Later, after the Tran Dynasty fell to the Ho Dynasty and their Ming Chinese allies, a genocidal campaign against the Tran reduced their numbers, forcing many to adopt Nguyen to survive. After the Ho came the Le Dynasty, who were also largely wiped out when the final Vietnamese dynasty, this time named Nguyen itself, came to power. The name Nguyen suddenly became prestigious, and many people changed their surnames to Nguyen for both survival and societal advancement. The Nguyen Dynasty also gave the surname as a reward to people who aided the state.
While this plethora of Nguyens would seem to be a source of confusion, it isn’t so bad. In the Vietnamese media, it is considered acceptable to refer to politicians and prominent people by their given names rather than their family names. For example, Prime Minister Nguyen Tan Dung is usually called “Dung” or “Mr. Dung” in news reports.
The lion, called sinha in Sanskrit, is an important symbol in India. Some say that the early Aryan conquerors saw themselves as the “Lion People,” or Sinhala. Sinha led to Singh, a popular title and surname in northern India, which has a proud martial tradition. Historically, the Rajputs were compared with feline predators due to their warrior reputation, giving popularity to the name Singh, which also means “lion.” Some even combined feline predators for their names, such as Sher Singh (“Lion Lion”) and Bagh Singh (“Tiger Lion”).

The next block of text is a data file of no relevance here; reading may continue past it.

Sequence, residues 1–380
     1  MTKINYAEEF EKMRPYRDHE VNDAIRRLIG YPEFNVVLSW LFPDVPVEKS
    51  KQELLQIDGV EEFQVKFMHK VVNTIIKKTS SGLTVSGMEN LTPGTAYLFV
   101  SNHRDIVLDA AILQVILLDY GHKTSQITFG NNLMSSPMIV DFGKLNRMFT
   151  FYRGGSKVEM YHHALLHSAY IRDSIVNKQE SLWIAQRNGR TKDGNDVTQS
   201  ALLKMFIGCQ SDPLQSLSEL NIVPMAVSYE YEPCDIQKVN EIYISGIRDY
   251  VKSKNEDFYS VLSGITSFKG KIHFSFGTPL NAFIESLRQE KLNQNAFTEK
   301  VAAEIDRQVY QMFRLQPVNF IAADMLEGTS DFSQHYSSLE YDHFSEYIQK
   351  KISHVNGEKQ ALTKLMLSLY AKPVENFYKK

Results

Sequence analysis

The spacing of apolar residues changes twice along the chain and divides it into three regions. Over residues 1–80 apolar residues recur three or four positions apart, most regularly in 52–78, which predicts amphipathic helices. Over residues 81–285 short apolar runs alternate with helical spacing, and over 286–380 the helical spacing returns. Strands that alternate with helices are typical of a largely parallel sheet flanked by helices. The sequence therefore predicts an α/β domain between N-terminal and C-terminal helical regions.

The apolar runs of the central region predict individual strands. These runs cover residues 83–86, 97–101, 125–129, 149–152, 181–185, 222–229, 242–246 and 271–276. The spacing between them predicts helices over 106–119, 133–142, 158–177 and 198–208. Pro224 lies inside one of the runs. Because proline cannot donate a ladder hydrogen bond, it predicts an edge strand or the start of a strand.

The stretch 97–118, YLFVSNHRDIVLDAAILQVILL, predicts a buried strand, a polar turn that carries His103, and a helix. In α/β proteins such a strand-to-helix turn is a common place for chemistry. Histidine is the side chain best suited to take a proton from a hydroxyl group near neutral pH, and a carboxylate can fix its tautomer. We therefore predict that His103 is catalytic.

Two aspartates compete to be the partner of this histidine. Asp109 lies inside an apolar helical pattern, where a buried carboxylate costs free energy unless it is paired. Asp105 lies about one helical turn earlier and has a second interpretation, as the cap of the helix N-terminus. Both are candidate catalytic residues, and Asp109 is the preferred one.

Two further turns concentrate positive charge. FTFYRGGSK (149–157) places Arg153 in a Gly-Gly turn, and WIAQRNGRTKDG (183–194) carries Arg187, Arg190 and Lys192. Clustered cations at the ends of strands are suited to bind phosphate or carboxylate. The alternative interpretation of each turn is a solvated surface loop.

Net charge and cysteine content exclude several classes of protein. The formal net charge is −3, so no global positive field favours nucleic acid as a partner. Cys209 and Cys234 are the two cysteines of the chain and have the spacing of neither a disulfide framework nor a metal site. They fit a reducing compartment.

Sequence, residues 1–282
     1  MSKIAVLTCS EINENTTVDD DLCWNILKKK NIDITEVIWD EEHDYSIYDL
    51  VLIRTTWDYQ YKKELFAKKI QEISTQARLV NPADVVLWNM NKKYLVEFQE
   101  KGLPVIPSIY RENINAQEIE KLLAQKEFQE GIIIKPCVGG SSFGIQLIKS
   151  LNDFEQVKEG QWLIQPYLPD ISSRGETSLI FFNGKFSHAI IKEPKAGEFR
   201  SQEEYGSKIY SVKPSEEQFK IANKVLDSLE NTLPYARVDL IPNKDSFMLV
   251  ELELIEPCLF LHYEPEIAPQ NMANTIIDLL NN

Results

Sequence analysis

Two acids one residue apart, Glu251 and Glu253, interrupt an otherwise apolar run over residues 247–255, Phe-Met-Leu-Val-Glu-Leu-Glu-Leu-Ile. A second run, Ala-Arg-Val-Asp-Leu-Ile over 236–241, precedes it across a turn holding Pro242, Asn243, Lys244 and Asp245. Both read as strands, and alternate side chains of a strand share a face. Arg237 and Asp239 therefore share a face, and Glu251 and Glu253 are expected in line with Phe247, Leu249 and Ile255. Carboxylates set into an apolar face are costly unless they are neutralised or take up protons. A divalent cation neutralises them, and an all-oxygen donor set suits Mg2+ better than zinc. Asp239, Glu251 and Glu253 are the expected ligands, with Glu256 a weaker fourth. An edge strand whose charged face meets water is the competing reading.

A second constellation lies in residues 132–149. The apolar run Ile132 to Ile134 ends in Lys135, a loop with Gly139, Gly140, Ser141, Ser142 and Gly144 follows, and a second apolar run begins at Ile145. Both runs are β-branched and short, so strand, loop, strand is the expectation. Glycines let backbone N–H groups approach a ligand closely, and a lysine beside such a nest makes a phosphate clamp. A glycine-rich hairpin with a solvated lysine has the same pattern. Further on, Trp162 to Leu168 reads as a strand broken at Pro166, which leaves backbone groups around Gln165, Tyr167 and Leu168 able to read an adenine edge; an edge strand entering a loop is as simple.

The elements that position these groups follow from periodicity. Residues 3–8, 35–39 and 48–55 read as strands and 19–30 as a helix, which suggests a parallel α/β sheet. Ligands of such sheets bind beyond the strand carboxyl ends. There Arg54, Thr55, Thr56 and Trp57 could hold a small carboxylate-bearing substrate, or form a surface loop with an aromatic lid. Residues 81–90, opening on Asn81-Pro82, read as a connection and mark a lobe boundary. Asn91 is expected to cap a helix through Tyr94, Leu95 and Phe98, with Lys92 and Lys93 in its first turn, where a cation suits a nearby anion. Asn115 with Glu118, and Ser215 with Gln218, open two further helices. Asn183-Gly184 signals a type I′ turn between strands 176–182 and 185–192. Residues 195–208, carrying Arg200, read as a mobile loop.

In India, surnames were invariably associated with the caste system. The 10th guru of the Sikh faith, Gobind Singh, sought to dismantle this system to create a unified Sikh identity, a community of “saint-soldiers.” At a historic gathering in 1699, the guru told his followers that all Sikh males were to adopt the surname Singh, while female Sikhs were told to adopt the surname Kaur, meaning “lioness” or “princess.” This was part of a process to create a Sikh community known as the Khalsa (or “pure”), in order to stand firm against their formidable Mughal enemies.
The reputation of the Singhs as a powerful and unified body earned the respect even of their enemies. In the 18th century, Qazi Nur Muhammad, an enemy of the Sikhs, described them in poetic Persian: